As scientists learn more about how the Zika virus can cause brain damage in a developing fetus, a major question has remained: How does a virus that infects a pregnant mother through a mosquito bite on her skin get into her womb?
It is not a simple question. Most viruses that infect a pregnant woman cannot cross from her bloodstream through the placenta, the organ that forms to nourish and protect the fetus as it grows and develops.
But a new study comes the closest so far to explaining how Zika might cross the placenta. The study, published Monday in the journal Cell Host and Microbe, shows that Zika is able to infect several types of placenta cells, and suggests two ways the virus might get to the fetus.
In the lab, researchers tested Zika’s effect on cells from about 50 placentas at different stages of pregnancy. It found that the virus can enter the placenta in every trimester. The risk of the worst damage — babies born with unusually small heads, or microcephaly — appears to be highest in early pregnancy, but significant brain damage might still occur if the mother is infected in late pregnancy, the researchers found.
The study used two strains of the Zika virus — one from Africa and one from the current epidemic in Latin America — and found that the one from Latin America “was much more infectious,” said one of the study’s authors, Lenore Pereira, a virologist and tissue biologist at University of California, San Francisco.
Carolyn B. Coyne, a microbiologist at the University of Pittsburgh, who was not involved in the study, said it was important because it started “drawing a road map” for transmission. “I would say that this is the first study to identify a cell type that could be a primary target during transmission from mom to baby,” she said.
Dr. Coyne is co-author of a recent study showing that the main placental barrier cells, resist Zika by releasing an antiviral molecule. She said the new study appeared to have identified what “could be sort of the Achilles’ heel” in the placenta that allows the virus into the womb.
One possible entry point involves structures called chorionic villi, which anchor the placenta into the wall of the uterus during the first trimester. These anchor points could essentially create openings in the wall, and the researchers found that different types of cells in the villi were easily infected with Zika. This route could be available throughout pregnancy, Dr. Pereira said, but more infected cells appear to produce the virus during the first trimester.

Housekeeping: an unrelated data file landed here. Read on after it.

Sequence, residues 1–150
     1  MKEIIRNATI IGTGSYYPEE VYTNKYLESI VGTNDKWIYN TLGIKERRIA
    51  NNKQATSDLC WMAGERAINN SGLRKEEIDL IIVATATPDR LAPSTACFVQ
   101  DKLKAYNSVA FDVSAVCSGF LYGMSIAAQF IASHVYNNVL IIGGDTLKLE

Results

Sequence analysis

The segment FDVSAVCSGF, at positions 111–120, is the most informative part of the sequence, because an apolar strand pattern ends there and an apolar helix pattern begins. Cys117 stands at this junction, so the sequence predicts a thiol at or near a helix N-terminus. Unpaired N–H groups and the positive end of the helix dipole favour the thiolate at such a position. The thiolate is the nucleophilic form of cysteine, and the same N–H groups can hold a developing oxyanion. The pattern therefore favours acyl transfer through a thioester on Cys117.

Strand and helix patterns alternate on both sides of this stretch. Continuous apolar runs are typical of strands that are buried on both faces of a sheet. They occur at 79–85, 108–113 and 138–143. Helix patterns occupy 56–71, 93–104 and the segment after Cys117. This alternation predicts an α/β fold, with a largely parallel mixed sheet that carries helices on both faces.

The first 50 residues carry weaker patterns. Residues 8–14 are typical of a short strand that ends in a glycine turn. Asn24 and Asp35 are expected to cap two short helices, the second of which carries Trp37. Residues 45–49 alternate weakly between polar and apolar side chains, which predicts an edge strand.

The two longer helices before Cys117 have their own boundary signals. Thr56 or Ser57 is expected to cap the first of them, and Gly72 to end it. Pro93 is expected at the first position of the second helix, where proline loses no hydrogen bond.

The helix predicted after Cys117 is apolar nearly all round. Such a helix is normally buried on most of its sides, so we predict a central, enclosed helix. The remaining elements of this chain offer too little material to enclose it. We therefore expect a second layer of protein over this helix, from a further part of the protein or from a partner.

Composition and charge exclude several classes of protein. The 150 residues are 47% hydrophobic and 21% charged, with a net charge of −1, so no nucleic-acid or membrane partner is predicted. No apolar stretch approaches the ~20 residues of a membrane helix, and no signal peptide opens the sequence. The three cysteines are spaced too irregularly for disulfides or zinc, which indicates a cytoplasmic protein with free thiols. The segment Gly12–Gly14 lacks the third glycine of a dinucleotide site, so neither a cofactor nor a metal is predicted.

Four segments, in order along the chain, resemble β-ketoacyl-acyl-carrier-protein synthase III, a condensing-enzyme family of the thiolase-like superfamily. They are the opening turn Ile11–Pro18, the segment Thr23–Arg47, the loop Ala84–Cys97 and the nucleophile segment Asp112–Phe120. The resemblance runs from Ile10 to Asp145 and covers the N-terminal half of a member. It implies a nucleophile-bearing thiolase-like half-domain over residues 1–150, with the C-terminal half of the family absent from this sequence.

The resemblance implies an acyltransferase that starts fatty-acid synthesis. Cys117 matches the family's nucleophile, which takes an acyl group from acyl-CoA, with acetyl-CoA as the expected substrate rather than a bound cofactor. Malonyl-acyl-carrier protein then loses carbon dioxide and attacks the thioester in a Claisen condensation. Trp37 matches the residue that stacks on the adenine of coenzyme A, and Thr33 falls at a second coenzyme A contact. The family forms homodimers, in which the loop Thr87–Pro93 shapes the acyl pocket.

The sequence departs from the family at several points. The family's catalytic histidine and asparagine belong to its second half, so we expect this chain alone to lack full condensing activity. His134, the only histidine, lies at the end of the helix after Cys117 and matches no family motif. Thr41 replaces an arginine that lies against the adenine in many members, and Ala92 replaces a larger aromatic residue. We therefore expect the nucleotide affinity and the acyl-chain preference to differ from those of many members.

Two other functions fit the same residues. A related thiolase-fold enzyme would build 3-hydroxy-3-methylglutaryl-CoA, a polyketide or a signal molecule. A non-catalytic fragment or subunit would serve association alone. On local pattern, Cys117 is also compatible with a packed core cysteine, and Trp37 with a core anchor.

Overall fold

The new research suggests that Zika could also get to the fetus via another route, beginning in the second trimester, crossing the membrane that forms the amniotic sac in which the fetus develops. Cells in that membrane were able to be infected with Zika too, the researchers found.
“The fact that the cells in the amniochorionic membranes, they were pounding out all this virus, we thought, wow, maybe that’s actually a second route,” said Eva Harris, an expert on infectious diseases and vaccines at University of California, Berkeley.
The researchers reported that the Zika virus binds consistently to a protein in different placental cells called TIM1. They also found that a drug, an antibiotic called Duramycin that is currently approved to treat animals but not people, appears to block Zika from attaching to the protein.
That does not mean that Duramycin could be used to treat Zika infection in pregnant women, experts cautioned. Wei Zheng, who runs a lab in the federal Therapeutics for Rare and Neglected Diseases program and is testing drugs as potential Zika treatments, said that Duramycin’s molecules were too large to reach the brain and possibly the fetus. He added that the drug, which is in early clinical trials for cystic fibrosis patients, would need considerably more testing to determine its safety for pregnant women.
Dr. Harris said the study’s authors did not mean to suggest that Duramycin could readily become a Zika treatment. The point, she said, was to show that their experiments provided a model that could be used to test potential drugs that block Zika from entering the womb.
That model might indeed be useful, said Hongjun Song, a neurologist at Johns Hopkins who worked with colleagues at other universities to discover how Zika damages fetal brains. “It provides a hypothesis that now can be directly tested” in animals, said Dr. Song in an email, a way to search for “different routes of viral entry to the fetal brain.”
Dr. Coyne said scientists would likely find other ways that Zika crosses the placenta, perhaps piggybacking on antibodies from a related virus like dengue, which many people in Latin America, especially in Brazil, have previously been infected with. One placental function is transferring helpful antibodies to the fetus, but if Zika attaches to those antibodies, that could be another path to the fetus. “The virus is clearly efficient in getting in,” she said, “so I think that it probably gets in through multiple routes.”